Iowa Basketball: 5 Overreactions After the First 2 Games of the Season
During the last two years, the Fran McCaffery led Hawkeyes have started off their seasons with a 2-0 record.
For those readers unfamiliar with the non-successes of the Iowa basketball team since the Lute Olson and Steve Alford days, let me tell you, it's a big deal.
From 2009 to 2011, the Hawkeyes were 1-3 during the first two games of their respective seasons.
One and three against opponents such as the South Dakota State Jackrabbits, Louisiana-Monroe Warhawks (whom they blew out 68-40 in 2010-11), UTSA Roadrunners and the Duquesne Dukes.
Not the schedule that generally blows the socks off of Joe Lunardi.
So forgive me for being a little negative here, but its just a way of life for a former Hawkeye.
As I said above, it's Iowa after all. They are known for football (er...maybe not) and Kurt Angle wrestling.
Not as much resignation holds true to Iowa City's hardwood brigade.
Again, these are things that worry me as a fan/writer. I know it has only been two games. I know Iowa is a young team. I know McCaffery is testing lineups and substitutions. I know that to some of you, I may be an overly dejected individual that needs to get more sunlight in my diet. Regardless, save me the comments.
What I want is for all of you to take a deep breath and please remember I've had a rough go at this point in my sports fandom (Derrick Rose ACL, Jay Cutler concussion, Iowa Football and their promising passing attack, (I hope the sarcasm is palpable after that comment) and the Chicago White Sox choking away the AL Central Division) as I'm sure other Iowa alumnus feel.
Right now, until I see Iowa take care of business against better talent, it's better for me to be overly careful with my passions than exceedingly optimistic.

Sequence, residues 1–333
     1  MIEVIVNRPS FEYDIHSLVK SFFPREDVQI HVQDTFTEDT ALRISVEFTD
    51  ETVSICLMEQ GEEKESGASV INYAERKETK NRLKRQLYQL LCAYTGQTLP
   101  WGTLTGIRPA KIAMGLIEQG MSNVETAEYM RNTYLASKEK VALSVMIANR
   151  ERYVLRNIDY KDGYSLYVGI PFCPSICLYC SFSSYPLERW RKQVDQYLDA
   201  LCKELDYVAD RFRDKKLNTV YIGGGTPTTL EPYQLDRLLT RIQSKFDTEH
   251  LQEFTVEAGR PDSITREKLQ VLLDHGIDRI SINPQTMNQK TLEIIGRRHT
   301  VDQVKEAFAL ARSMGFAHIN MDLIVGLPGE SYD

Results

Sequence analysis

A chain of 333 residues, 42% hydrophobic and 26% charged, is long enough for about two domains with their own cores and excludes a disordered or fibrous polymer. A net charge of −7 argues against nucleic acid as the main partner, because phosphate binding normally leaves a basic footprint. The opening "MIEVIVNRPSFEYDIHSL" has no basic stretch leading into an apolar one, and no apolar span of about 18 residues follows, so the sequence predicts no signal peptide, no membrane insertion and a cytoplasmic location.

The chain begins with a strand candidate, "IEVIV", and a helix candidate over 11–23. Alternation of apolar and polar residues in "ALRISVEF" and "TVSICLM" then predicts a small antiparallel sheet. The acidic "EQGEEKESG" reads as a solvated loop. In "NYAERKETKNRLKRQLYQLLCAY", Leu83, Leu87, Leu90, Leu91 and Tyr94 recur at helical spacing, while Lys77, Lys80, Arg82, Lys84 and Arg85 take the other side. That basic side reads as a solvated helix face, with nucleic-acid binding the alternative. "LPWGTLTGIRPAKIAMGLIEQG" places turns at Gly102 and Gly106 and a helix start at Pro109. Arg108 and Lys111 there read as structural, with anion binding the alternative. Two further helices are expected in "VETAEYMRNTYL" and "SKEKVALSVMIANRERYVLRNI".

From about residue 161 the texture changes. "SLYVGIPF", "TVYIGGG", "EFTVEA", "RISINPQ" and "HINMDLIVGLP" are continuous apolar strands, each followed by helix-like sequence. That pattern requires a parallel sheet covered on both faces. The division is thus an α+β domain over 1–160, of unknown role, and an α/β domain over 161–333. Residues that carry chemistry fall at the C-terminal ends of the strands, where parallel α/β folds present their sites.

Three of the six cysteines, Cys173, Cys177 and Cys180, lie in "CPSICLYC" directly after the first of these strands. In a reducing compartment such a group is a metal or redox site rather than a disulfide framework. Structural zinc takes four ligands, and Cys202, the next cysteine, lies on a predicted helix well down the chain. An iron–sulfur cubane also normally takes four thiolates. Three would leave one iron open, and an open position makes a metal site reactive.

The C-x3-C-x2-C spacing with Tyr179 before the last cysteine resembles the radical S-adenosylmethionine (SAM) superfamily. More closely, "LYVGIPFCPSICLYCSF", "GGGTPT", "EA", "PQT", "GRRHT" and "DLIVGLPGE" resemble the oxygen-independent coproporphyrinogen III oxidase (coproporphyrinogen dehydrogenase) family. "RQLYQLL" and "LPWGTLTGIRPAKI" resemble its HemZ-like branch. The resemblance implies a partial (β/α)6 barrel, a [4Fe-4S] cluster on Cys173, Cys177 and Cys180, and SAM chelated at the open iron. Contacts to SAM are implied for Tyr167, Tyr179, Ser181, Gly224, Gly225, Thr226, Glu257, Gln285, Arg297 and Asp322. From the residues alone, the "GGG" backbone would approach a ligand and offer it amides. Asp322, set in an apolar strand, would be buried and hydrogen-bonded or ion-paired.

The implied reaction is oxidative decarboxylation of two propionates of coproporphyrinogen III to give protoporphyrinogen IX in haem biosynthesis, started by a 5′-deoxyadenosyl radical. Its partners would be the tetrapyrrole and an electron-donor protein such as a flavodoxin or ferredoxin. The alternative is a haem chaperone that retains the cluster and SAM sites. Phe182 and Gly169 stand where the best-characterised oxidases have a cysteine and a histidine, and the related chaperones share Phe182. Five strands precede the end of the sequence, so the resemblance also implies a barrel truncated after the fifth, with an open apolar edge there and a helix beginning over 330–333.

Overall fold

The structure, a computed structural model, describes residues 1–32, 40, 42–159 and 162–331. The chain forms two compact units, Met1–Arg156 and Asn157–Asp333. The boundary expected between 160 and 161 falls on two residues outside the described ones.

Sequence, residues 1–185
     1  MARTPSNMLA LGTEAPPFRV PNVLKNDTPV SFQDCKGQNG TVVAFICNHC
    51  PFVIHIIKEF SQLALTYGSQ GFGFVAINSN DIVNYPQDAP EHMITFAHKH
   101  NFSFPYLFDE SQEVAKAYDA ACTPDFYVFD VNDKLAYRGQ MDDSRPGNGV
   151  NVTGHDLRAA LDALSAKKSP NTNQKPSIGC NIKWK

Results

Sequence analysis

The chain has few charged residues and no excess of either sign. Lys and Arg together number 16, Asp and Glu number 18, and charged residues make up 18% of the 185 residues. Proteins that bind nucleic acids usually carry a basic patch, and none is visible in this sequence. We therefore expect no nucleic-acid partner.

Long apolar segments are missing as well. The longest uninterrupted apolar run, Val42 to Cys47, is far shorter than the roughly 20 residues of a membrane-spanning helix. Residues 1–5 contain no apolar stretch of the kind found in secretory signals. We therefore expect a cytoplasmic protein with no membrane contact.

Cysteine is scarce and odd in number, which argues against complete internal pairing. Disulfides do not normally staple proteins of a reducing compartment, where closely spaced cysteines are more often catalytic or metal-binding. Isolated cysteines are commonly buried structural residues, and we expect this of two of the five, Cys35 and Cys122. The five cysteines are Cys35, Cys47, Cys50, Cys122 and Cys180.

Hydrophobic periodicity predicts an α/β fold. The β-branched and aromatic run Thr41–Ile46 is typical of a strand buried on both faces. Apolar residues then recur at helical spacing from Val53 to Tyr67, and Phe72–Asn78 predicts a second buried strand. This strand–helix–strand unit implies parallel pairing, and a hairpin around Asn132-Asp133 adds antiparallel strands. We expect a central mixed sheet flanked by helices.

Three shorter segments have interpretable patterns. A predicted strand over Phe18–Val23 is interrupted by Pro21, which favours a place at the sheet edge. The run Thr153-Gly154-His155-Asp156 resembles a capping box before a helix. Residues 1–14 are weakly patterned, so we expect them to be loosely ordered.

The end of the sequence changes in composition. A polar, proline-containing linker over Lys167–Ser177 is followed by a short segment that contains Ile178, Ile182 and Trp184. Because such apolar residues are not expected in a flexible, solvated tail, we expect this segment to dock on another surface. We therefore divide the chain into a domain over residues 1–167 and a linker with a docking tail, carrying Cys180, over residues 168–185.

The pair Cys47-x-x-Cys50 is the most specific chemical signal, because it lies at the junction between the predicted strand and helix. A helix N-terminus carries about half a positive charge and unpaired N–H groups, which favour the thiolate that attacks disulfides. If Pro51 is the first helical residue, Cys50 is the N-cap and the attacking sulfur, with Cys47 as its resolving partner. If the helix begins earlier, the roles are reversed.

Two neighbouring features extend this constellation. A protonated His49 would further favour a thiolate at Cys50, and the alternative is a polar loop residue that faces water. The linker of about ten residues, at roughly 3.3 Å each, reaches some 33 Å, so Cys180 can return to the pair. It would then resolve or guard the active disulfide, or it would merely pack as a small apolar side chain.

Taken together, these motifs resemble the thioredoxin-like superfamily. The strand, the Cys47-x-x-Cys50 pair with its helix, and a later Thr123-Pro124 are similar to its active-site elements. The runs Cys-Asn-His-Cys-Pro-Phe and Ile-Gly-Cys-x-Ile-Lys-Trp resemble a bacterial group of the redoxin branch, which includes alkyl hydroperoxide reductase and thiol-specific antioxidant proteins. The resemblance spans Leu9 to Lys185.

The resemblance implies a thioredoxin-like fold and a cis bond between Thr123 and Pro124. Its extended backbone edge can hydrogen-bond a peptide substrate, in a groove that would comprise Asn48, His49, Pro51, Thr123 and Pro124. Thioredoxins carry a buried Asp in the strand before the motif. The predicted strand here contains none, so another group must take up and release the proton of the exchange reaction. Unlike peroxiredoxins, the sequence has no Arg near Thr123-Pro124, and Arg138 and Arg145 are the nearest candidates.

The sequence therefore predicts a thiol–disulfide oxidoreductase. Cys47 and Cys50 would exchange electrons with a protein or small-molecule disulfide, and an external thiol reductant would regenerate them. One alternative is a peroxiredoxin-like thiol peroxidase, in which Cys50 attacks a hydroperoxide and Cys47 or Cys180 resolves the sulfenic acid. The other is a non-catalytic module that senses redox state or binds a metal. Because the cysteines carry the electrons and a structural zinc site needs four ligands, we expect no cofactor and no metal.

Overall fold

Plus, all of you would rather me save the glass half-full stuff for when Eric May puts together a 5x5 night (only being semi-sarcastic this time).
Roy Devyn Marble's Minutes
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31.5 minutes per game.
Central Michigan Chippewas.
31.5 minutes per game.
Oh and don't forget the one sore hip that was injured in a scrimmage against Creighton that continues to flare up, forcing the junior guard to wear a protective pad to prevent re-injury.
Marble played in 23 minutes of an 86-55 blow out of Texas-Pan American.
Marble played in 40 minutes in a 73-61 victory over Central Michigan.
At this point, Marble is the Luol Deng of Fran McCaffery's Hawkeyes.
I understand he is the only solid offensive threat (which was already established during last years NIT outburst) at this point and that his size creates positive mismatches in the Iowa defense with his ability to guard any one of the three back court players.
But 31.5 minutes a game already?
And 40 minutes against Central Michigan?
Does Fran really find it wise to ride out 31 to 40 minutes a night out of his best offensive player, who is battling a bit of a lingering injury, during the powder puff portion of the schedule?
In all reality, I get why Marble has played so much and perhaps I'm grabbing at straws. I know that it is ultimately only two minutes more than he played during last season.
But with the uptick in minutes and an ongoing hip, let's just say I'm a bit nervous.
Where Is Josh Ogles-Three?
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Let us go from one extreme to another.
The artist formally known as "Josh Ogles-Three" has been replaced with some pish-posh, Club-Trillion Diaper Dandy named Josh Oglesby.
I hate to harp on minutes relentlessly, so if it's not your thing, move two paragraphs down.
Last year, Ogles-Three averaged 18.7 minutes per game. He took 3.5 three pointers a game and nailed home 1.3 on average; good for 6.4 points per game.
This year, Oglesby is only averaging 10 minutes per game. He is again taking 3.5 three-pointers a game, but only converting an abysmal .5 on average; good for two points per game.